As they treated pruning cuts with fungicide, sawed off cordons, or ignored it, grape growers throughout California long have known eutypa dieback was costly, but little was known about how costly.

An agricultural economist at the University of California, Berkeley recently says eutypa could have robbed the state's wine industry of more than $260 million in 1999. That's nearly 16 percent of the $1.672 billion in gross returns from that crush.

Jerome B. Siebert, in reporting on his study funded by the American Vineyard Foundation, said eutypa is the primary grape vine disease in the state and impacts growers on several counts.

Those include: loss of yield; increased costs of preventive maintenance through chemical treatments; increased costs for pruning, top-working, and replants; and decreased vineyard life.

The disease, spread as its spores are driven by rain into fresh pruning wounds, strikes virtually all varieties, wine, raisin, and table.

Siebert pointed out that his estimates of eutypa-related losses represent the worst case. "The explicit assumption made in these estimates is that the infection of eutypa is uniform throughout varieties and districts. However, the actual infection rate of eutypa will vary by variety and location.

"In addition, eutypa is more prevalent in the later years of a vineyard's life than it earlier years. For example, most of the vines in Napa are relatively young due to a massive replanting of vineyards because of phylloxera."

Eutypa (Eutypa lata) has common symptoms and is often confused with another fungal disease, grape bot canker (Botryodiplodia theobromae), but for purposes of the study they are considered the same.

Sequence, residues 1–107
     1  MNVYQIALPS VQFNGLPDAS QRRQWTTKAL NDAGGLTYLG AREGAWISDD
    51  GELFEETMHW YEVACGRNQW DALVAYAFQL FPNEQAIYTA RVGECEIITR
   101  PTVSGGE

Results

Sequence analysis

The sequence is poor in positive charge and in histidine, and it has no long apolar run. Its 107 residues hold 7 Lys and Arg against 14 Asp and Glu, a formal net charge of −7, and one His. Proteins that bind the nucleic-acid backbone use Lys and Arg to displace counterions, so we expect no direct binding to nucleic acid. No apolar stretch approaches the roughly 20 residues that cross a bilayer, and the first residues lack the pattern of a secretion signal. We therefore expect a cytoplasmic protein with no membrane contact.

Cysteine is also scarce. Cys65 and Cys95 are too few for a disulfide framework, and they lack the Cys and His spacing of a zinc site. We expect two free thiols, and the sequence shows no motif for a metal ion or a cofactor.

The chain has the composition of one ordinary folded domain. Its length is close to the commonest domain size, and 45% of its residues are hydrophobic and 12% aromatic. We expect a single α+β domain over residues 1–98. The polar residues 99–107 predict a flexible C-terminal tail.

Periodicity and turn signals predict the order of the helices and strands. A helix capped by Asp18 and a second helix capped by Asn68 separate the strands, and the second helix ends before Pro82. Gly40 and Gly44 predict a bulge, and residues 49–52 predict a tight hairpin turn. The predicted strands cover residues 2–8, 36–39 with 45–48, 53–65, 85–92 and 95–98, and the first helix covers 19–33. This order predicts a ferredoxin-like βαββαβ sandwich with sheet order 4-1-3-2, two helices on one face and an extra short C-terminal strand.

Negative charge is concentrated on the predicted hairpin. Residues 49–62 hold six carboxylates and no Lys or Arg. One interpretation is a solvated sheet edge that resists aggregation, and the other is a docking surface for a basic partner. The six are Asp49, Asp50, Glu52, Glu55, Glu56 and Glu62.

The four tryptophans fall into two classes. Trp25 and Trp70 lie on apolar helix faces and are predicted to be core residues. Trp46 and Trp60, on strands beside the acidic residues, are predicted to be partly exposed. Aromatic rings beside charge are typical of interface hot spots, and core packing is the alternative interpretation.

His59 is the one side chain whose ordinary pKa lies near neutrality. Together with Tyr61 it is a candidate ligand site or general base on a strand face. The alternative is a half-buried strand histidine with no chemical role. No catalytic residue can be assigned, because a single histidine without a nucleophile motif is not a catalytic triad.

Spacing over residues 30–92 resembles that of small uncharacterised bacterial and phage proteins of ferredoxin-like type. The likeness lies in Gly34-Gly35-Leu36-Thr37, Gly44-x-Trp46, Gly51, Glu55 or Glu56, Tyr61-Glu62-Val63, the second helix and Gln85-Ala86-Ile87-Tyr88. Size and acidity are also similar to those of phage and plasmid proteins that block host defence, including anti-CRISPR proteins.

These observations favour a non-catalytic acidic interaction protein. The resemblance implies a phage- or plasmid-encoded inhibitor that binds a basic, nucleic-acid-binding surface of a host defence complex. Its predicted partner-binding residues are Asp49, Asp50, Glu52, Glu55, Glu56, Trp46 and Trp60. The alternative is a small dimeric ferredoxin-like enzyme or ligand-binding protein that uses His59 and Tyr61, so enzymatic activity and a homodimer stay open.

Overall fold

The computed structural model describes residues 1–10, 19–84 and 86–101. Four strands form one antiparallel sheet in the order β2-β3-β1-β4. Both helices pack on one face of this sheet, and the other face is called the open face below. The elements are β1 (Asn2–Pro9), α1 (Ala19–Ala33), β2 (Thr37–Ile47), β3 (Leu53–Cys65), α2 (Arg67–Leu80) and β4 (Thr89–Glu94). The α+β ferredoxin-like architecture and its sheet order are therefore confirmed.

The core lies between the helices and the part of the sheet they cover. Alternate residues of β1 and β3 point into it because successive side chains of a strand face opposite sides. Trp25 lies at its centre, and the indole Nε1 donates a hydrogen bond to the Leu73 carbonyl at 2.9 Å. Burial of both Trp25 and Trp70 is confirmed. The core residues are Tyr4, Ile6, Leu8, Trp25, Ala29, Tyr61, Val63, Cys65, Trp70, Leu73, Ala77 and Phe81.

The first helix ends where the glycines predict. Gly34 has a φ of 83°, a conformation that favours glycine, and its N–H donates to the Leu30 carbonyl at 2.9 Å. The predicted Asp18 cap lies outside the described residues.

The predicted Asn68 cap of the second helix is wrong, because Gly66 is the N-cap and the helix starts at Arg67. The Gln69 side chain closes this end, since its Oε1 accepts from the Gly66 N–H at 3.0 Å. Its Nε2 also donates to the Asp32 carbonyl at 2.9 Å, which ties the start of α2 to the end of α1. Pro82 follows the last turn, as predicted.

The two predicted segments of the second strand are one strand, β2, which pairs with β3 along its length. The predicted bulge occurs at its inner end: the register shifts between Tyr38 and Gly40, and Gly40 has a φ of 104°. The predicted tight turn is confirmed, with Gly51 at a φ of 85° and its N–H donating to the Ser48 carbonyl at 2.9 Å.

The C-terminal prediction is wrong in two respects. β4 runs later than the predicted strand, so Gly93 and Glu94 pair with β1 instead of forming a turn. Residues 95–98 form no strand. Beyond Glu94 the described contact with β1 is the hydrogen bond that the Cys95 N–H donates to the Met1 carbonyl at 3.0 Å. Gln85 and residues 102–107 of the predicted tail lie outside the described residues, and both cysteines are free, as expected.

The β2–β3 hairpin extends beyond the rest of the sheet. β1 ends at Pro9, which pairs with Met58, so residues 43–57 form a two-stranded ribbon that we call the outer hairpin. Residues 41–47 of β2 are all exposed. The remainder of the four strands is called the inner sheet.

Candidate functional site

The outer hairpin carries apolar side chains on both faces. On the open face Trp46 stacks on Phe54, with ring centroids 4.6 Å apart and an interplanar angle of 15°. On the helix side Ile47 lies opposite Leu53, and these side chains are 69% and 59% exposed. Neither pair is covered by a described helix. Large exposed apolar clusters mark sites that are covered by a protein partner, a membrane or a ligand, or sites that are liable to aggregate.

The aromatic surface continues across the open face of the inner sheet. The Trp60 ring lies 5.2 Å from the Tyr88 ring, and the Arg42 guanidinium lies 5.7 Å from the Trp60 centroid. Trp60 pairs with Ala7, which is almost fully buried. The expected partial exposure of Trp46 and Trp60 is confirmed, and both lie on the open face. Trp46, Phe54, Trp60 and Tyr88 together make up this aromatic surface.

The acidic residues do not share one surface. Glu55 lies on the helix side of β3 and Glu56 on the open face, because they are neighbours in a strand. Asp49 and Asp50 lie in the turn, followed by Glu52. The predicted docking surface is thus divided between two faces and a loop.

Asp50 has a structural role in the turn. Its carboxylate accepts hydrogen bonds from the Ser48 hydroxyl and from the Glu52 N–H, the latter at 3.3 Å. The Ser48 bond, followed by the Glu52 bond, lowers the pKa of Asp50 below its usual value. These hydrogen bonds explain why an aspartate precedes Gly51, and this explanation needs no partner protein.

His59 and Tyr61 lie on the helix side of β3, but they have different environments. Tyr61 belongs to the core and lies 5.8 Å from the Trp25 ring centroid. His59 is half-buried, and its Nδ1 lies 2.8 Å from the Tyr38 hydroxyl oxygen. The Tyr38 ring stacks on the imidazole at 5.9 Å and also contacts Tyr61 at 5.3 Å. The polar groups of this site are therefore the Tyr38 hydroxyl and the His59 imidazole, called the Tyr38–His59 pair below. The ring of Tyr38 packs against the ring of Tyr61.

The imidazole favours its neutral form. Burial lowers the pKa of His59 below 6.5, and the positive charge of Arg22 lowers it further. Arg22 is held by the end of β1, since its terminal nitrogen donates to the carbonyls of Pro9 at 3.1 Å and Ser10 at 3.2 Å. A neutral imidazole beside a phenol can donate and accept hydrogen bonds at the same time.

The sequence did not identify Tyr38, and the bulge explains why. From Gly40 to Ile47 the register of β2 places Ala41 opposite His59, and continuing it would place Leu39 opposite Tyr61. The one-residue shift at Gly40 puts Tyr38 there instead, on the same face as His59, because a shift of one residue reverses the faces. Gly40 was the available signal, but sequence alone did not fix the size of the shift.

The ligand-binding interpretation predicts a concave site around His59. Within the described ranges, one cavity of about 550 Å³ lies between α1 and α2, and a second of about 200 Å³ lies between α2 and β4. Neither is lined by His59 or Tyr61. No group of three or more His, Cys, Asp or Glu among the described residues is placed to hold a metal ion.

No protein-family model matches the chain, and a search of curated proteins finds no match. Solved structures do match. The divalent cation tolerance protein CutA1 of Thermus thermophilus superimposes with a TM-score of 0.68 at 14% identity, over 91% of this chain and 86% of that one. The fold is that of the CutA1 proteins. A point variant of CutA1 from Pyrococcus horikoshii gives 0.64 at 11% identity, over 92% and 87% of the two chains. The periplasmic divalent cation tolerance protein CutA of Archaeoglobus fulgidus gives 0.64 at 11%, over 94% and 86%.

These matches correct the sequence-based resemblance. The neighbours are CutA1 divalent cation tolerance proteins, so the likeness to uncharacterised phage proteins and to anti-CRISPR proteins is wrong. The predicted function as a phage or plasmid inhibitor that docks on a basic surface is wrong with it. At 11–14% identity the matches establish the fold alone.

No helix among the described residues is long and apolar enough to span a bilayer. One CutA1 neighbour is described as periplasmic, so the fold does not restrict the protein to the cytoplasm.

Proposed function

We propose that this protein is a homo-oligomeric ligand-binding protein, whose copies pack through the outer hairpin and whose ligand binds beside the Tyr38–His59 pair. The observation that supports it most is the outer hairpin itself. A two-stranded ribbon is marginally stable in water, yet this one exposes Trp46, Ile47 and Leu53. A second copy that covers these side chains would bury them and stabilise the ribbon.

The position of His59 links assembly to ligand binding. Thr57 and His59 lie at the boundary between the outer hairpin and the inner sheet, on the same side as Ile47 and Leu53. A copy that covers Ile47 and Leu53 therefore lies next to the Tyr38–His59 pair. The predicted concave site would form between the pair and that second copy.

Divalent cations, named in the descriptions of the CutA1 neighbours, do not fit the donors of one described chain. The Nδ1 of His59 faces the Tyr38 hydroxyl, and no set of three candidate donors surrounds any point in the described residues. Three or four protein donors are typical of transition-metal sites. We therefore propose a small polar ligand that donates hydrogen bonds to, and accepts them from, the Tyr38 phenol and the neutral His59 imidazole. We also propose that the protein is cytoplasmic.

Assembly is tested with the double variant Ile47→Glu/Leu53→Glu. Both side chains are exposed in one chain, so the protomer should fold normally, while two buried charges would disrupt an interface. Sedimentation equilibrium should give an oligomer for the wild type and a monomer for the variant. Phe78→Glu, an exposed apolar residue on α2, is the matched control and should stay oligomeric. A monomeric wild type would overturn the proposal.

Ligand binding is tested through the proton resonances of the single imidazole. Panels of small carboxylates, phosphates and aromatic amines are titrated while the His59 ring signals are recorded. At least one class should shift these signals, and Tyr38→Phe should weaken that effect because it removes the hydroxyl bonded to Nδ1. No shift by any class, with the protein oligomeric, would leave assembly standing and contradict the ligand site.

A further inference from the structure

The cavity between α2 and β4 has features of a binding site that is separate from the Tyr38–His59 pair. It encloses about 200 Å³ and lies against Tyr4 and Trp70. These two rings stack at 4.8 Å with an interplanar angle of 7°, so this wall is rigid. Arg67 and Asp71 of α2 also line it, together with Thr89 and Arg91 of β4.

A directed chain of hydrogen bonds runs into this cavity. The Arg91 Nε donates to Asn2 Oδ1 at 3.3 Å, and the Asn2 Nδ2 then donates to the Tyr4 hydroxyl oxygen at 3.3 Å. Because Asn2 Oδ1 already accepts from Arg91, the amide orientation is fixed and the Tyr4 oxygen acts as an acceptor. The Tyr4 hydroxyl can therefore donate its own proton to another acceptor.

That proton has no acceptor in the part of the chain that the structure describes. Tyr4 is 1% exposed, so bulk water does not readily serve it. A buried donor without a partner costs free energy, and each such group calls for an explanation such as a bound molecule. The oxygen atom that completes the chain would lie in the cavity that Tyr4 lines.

Siebert noted the earlier research by G.P. Munkvold and others that linked yield loss to disease severity. "This formula," Siebert said, "demonstrates the destructive potential of eutypa as some vineyards over 20 years old exhibited an 83 percent decline in yield compared with their peak years."

Barbera rarely affected That study also noted the Barbera variety is rarely affected by the disease. Characteristically, eutypa goes unnoticed until vines are about 10 years old, and then its symptoms and probability increase.

In Chenin Blanc, for example, between 12 and 20 years of age, the disease increases each year until all vines are infected at 20 years.

In a table illustrating yield with vineyard age, yields in the third year for infected and non-infected vines are 2 to 4 tons to the acre. At about five years, yields of infected and non-infected vines reach eight tons.

From then until 11 years, the infected vines might surpass slightly yields of the non-infected. But after that point, eutypa-free vines level off at about nine tons for the next decade, while yields of infected vines arc downward on the chart, reaching the four-ton level at about age 20 years.

Discussing the costs associated with management of the disease, Siebert said the preventive steps of daubing or spraying fungicide on pruning wounds is very labor intensive and costly, and since treatments last no more than a week, five or six may be required.

Expensive too is removal of infected wood and retraining of vines.

"A third alternative," he said, "is to allow the disease to take its course and plan on replanting the vineyard every 20 years or less."

However, the economist added, "A shortened vineyard life will only add increased costs to the grower and decrease net profits as well as build-up of equity."

In reaching an estimate for costs of statewide pruning wound treatments alone, Siebert said he made four assumptions. 1) It takes three hours per acre for a backpack sprayer treatment. 2) Benlate fungicide at 3.2 ounces per gallon is applied with 3.5 gallons of water per acre. 3) A labor wage of $6.50 (higher in premium wind districts) is used. 4) The cost of Benlate is $18 per pound.

"These assumptions yield a per-acre cost of $32.10, which corresponds to estimated costs resulting from interviews with vineyard managers.

"If it was assumed that 490,789 acres of grapes used for wine are treated in the manner described, total cost to the industry would be $15.8 million each application. Depending on the amount of rain encountered during the spring, recurring applications may have to be made up to four times, resulting in a cost of $63 million."

More data is needed, he said, before cost estimates could be made for practices of late pruning and top-working. A refinement of his study would require a formal study of incidence of the disease by variety, vineyard age, pruning method, and location.